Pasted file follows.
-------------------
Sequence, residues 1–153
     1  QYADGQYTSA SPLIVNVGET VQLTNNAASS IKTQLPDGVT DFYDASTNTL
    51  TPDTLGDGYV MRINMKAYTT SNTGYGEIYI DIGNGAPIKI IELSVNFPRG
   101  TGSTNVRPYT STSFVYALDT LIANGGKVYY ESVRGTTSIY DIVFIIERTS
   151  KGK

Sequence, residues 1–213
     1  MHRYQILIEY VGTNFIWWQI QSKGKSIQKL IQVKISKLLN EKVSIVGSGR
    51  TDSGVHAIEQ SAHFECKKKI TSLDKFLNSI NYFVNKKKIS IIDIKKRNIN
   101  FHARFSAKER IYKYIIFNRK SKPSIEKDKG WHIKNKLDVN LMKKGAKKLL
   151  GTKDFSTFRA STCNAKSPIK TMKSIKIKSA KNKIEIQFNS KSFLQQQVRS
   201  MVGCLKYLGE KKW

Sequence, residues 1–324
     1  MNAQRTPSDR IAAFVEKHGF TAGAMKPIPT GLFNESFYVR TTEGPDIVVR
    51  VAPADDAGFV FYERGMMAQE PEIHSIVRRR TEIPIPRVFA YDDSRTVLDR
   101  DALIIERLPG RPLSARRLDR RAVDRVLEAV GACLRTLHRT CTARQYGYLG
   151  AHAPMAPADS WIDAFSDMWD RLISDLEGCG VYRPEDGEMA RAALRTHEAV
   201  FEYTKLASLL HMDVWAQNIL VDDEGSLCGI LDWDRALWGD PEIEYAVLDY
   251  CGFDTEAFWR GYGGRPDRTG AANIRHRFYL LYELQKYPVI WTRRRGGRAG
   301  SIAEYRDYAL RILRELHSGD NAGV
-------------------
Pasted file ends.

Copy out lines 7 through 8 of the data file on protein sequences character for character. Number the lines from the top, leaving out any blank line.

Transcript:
     1  MHRYQILIEY VGTNFIWWQI QSKGKSIQKL IQVKISKLLN EKVSIVGSGR
    51  TDSGVHAIEQ SAHFECKKKI TSLDKFLNSI NYFVNKKKIS IIDIKKRNIN